Change in FPG from baseline to week 24 was assessed for the full analysis set with the same ANCOVA model with baseline FPG as an additional linear covariate. Change in HbA1cover time was analysed with a mixed model for repeated measurements with treatment, previous use of insulin, visit, and visit by treatment interaction as fixed classification effects, and baseline HbA1cas a linear covariate. Available measurements were used (observed cases) with no imputation of missing data. Change in FPG over time was analysed using a similar mixed model for repeated measurements with baseline FPG as an additional linear covariate. For analysis of patients achieving HbA1cof less than 7·0% or a reduction in HbA1cof 0·5% or more, missing values were imputed using the non-completers-considered-failure approach. Logistic regression models were used to calculate odds ratios (OR) for achievement of HbA1cof less than 7·0% and use of rescue therapy.
Safety data were generally analysed descriptively for the treated set, which consisted of all randomised patients who received at least one dose of study drug. The effect of treatment on occurrence of hypoglycaemia was explored with logistic regression.
Role of the funding source
The sponsor was involved in study design, and data collection, review, and analysis. Individual authors, some of whom are employees of the sponsor, interpreted the data. All authors had full access to the data and had final responsibility for the content of the manuscript. AHB had the final decision to submit for publication.
241 community-living outpatients (the treated set) were randomised to linagliptin 5 mg (n=162) or placebo (n=79), of whom 220 (91·3%) completed 24 weeks of treatment ( figure 1 ). The full analysis set consisted of 238 patients (160 linagliptin, 78 placebo). The mean age of patients at baseline was 74·9 years (range 70–91), with 44·4% aged 75 years or older, and nearly all were white ( table 1 ). Overall, patients had mean baseline HbA1cof 7·8% (SD 0·8), FPG of 8·3 mmol/L (1·6), bodyweight of 85·7 kg (16·0), and body-mass index of 29·7 kg/m2(4·7). Baseline demographic and clinical characteristics were generally much the same between treatment groups. Overall, there was a very high prevalence of long-standing diabetes, cardiovascular disease, renal impairment, use of insulin or sulfonylureas, and use of concomitant drugs and polypharmacy ( figure 2A ); mean Charlson age-comorbidity score was 5·1 (SD 0·7; figure 2B ). One patient (in the linagliptin group) had Alzheimer's disease. About one in five patients were taking basal insulin ( table 1 ), the mean daily dose for different types of insulin ranged from 30 to 60 IU.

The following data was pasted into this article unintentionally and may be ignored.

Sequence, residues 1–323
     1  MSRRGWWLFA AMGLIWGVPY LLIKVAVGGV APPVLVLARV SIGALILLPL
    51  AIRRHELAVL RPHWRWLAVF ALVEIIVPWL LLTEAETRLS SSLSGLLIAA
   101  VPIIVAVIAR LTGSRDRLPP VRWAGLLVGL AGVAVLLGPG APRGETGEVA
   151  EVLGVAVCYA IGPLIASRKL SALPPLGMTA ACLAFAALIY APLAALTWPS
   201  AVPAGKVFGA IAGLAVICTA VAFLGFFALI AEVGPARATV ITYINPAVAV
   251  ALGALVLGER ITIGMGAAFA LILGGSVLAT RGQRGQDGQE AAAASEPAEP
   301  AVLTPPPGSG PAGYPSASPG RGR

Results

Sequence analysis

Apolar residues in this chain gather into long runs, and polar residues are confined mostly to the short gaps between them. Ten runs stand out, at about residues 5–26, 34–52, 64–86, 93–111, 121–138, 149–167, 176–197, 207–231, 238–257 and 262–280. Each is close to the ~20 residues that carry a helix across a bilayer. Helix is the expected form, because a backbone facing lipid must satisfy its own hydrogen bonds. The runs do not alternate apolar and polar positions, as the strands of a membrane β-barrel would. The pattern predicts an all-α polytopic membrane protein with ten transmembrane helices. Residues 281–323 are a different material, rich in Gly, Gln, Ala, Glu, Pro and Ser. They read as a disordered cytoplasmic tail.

|Linagliptin (n=162)||Placebo (n=79)|
|All patients||74·9 (4·4)||74·9 (4·2)|
|<75 years||91 (56·2%)||43 (54·4%)|
|≥75 years||71 (43·8%)||36 (45·6%)|
|Men||116 (71·6%)||49 (62·0%)|
|Women||46 (28·4%)||30 (38·0%)|
|White||157 (96·9%)||76 (96·2%)|
|Asian||3 (1·9%)||2 (2·5%)|
|Black||2 (1·2%)||1 (1·3%)|
|Weight and BMI|
|Bodyweight (kg)||86·3 (16·4)||84·4 (15·3)|
|BMI (kg/m2)||29·6 (4·7)||29·8 (4·5)|
|Renal function (eGFR, mL/min per 1·73 m2, according to MDRD)|
|Normal (≥90)||36 (22·2%)||15 (19·0%)|
|Mild impairment (60 to <90)||83 (51·2%)||42 (53·2%)|
|Moderate impairment (30 to <60)||41 (25·3%)||21 (26·6%)|
|Severe impairment (<30)||2 (1·2%)||1 (1·3%)|
|HbA1c * (%) and FPG * (mmol/L)|
|All patients||7·8 (0·8)||7·7 (0·7)|
|HbA1c <7% †||11 (6·9%)||6 (7·7%)|
|HbA1c ≥7% and <8%||91 (56·9%)||52 (66·7%)|
|HbA1c ≥8% and <9%||45 (28·1%)||15 (19·2%)|
|HbA1c ≥9%||13 (8·1%)||5 (6·4%)|
|FPG (mmol/L)||8·5 (1·6)||8·0 (1·6)|
|Time since diagnosis of type 2 diabetes *|
|≤1 year||3 (1·9%)||0|
|>1 to ≤5 years||20 (12·5%)||7 (9·0%)|
|>5 to ≤10 years||48 (30·0%)||29 (37·2%)|
|>10 years||89 (55·6%)||42 (53·8%)|
|Antidiabetes drugs at screening *|
|Metformin||133 (83·1%)||69 (88·5%)|
|Sulfonylurea||94 (58·8%)||43 (55·1%)|
|Insulin||35 (21·9%)||15 (19·2%)|
|Meglitinide ‡||1 (0·6%)||0|
|α-glucosidase inhibitor ‡||1 (0·6%)||0|
|Metformin||43 (26·9%)||21 (26·9%)|
|Metformin plus sulfonylurea||64 (40·0%)||36 (46·2%)|
|Metformin plus sulfonylurea plus α-glucosidase inhibitor ‡||1 (0·6%)||0|
|Metformin plus sulfonylurea plus insulin||9 (5·6%)||0|
|Metformin plus meglitinide ‡||1 (0·6%)||0|
|Metformin plus insulin||15 (9·4%)||12 (15·4%)|
|Sulfonylurea||16 (10·0%)||6 (7·7%)|
|Sulfonylurea plus insulin||4 (2·5%)||1 (1·3%)|